Prom season is just around the corner, and around the east Valley teenage girls are already starting to think about which style of dress they want to wear for the big night.
For some girls, though, the dream of buying a prom dress is out of reach financially. As anyone who has ever purchased one of the fancy frocks knows quite well, they can be quite pricey.
Thanks to a group of women from East Valley Women’s League, hundreds of teenage girls who want to go to the prom this year will get the beautiful dress they have always wanted—for free.
The Cinderella Affair, which is now in its 11th year, gives high school juniors and seniors the opportunity to select a prom dress at no cost. The fairy godmother-like program is hosted through a partnership between the EVWL and the Tempe Community Council.
Amy Grossklaus, Cinderella Affair marketing chairman and vice-president of the EVWL, said the two groups are currently holding their annual dress drive to collect gently worn dresses and shoes. Between now and Feb. 24, people may drop off their pre-worn formal dresses at collection boxes that are located at numerous businesses across the Valley.
Specific collection sites can be found at www.cinderellaaffair.org.
“We only take new or gently used formal dresses, preferably ones that would appeal to a high school girl,” Grossklaus said, adding that long or short dresses are welcome in a variety of colors, but no wedding dresses or velvet.
“We also welcome gently used shoes, handbags, wraps and costume jewelry.”
Between 3 and 8 p.m. on Friday, March 22, and from 9 a.m. to 4 p.m. on Saturday, March 23, the Dress Selection Boutique will take place at the Pyle Adult Recreation Center, 655 E. Southern Ave. in Tempe.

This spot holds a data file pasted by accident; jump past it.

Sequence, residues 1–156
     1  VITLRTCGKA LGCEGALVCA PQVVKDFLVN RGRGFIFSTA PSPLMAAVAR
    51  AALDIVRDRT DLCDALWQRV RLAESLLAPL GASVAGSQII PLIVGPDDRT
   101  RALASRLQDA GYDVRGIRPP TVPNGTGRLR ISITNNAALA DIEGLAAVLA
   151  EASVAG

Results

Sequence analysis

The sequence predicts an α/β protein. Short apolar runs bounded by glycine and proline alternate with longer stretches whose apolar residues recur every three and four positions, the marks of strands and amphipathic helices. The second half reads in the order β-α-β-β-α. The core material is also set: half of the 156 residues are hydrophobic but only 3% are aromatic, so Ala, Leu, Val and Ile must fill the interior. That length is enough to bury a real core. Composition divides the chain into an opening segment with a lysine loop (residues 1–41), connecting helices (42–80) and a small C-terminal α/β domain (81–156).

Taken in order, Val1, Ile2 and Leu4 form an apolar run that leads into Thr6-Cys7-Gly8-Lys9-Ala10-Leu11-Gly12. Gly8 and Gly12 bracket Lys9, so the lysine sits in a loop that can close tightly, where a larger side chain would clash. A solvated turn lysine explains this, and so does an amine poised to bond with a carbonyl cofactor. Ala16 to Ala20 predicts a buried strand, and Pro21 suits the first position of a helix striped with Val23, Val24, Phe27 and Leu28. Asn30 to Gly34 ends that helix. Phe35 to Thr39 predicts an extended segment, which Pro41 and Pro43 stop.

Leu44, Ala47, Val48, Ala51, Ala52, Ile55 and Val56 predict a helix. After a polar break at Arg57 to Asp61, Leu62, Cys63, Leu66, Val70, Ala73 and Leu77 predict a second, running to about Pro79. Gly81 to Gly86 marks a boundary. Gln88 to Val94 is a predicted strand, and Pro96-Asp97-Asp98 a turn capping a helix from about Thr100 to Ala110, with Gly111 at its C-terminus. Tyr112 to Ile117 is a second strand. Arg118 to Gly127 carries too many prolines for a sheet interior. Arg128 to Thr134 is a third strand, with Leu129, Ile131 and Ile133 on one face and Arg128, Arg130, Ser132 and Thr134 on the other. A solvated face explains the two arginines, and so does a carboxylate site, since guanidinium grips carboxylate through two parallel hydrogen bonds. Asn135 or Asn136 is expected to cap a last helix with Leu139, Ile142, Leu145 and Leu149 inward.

Grossklaus said there are typically between 2,500 to 3,000 dresses ranging in sizes 0 to 24 for the girls to choose from.
In order to get a free prom dress, Grossklaus said the students must be a junior or senior in high school and present a valid school ID.
“Any girl from the Valley who meets these requirements can select a dress,” she said.
“The past three years we have given away close to 3,000 dresses.”
Both the women who are dropping off the dresses and the teens who are getting a dress at no charge are delighted to be part of the program, Grossklaus said.
“The typical comment (from the donors) is that the dresses have been hanging in their closets for years and they are thrilled to be passing them on to a good cause. They are also excited that they are helping make some girl’s dream come true.”
The giveaway event itself is “electric,” Grossklaus said.
“Girls can’t get over how many dresses there are to choose from,” she said.
“Usually the girls and their mothers are just ecstatic they are getting a dress, and are amazed by the selection and quality. Many say without this event, they wouldn’t be able to go to prom.”